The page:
Panthers deactivate DE Greg Hardy vs. Lions

Greg Hardy won't play Sunday vs. the Lions. (USATSI)
Greg Hardy won't play Sunday vs. the Lions. (USATSI)

Hours after coach Ron Rivera told ESPN he was comfortable with Greg Hardy playing Sunday against the Lions, the Panthers have now decided to deactivate the pass-rushing defensive end.

Hardy, who awaits a jury trial on domestic violence charges, has been the subject of much controversy this week, especially in light of the league's other domestic-violence cases involving Ray Rice, Ray McDonald and Adrian Peterson.

As of now, the team had no official statement as to why he was deactivated. 

On Wednesday, Panthers owner Jerry Richardson issued a tearful statement on his firm stance against domestic violence.

"And when it comes to domestic violence, my stance is not one of indifference. I stand firmly against domestic violence, plain and simple," Richardson said.

"To those who would suggest that we've been too slow to act, I ask that you consider not to be too quick to judge. Over the course of our 20 years, we have worked extremely hard to build an organization of integrity..."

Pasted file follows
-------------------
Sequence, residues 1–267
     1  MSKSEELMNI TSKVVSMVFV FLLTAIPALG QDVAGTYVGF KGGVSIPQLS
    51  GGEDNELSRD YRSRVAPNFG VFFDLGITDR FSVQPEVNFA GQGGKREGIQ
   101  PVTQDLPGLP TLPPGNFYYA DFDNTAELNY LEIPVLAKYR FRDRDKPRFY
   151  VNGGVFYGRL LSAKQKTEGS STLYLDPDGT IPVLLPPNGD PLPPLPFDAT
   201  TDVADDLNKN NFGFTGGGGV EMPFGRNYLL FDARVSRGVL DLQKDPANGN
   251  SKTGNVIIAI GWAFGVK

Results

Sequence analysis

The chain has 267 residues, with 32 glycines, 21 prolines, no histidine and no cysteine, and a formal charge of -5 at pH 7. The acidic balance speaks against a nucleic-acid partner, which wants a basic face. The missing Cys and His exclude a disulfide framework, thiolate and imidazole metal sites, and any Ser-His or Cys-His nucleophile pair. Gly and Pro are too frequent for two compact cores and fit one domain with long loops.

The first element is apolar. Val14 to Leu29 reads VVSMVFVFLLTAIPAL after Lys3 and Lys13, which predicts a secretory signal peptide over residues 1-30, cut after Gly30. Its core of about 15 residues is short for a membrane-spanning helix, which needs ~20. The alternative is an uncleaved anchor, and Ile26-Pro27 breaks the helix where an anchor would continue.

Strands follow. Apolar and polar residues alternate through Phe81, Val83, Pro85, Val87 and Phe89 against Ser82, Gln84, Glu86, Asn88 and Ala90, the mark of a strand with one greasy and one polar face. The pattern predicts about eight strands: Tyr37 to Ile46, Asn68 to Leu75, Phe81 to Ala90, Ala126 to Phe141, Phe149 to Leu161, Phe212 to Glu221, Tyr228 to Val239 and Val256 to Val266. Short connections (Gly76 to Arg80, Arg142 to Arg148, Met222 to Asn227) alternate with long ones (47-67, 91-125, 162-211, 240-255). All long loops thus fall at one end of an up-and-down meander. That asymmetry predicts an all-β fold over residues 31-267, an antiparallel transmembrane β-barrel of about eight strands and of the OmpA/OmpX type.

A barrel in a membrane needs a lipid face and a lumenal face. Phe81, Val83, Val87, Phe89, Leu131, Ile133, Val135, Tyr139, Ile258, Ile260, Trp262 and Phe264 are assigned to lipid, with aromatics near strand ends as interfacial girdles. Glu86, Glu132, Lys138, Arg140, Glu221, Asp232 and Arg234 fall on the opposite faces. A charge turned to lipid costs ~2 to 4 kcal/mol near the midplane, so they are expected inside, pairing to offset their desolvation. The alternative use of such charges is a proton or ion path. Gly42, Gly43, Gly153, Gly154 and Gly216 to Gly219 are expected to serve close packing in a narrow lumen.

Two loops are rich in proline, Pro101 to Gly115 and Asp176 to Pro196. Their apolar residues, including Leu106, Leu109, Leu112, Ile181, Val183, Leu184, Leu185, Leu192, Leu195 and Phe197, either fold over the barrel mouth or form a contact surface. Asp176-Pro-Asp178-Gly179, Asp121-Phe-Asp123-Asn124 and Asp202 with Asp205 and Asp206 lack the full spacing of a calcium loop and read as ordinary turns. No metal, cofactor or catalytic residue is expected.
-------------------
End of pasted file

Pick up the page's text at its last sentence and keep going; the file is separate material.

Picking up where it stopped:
Given Richardson's position, there were questions why the team even considered playing Hardy at all. The Panthers rectified those concerns Sunday morning.

Still, the league -- and Richardson -- remain fully behind embattled NFL Commissioner Roger Goodell, who has faced calls from fans and media to step down in the wake of one of the worst weeks in NFL history.

According to's Mike Florio, Richardson has been recruiting other owners to sign a joint letter of support for the commissioner. "Other owners may also be involved in making calls and twisting arms to apply John Hancocks to a document that presumably would make clear to the world that the owners won't be hiring a new captain for their 300-foot, gold-plated, money-printing yacht that but for this scandal would be sailing in mostly clear, open water," Florio wrote Sunday morning.

CBS Sports Writer

Ryan Wilson has been an NFL writer for CBS Sports since June 2011, and he's covered five Super Bowls in that time. Ryan previously worked at AOL's FanHouse from start to finish, and Football Outsiders... Full Bio

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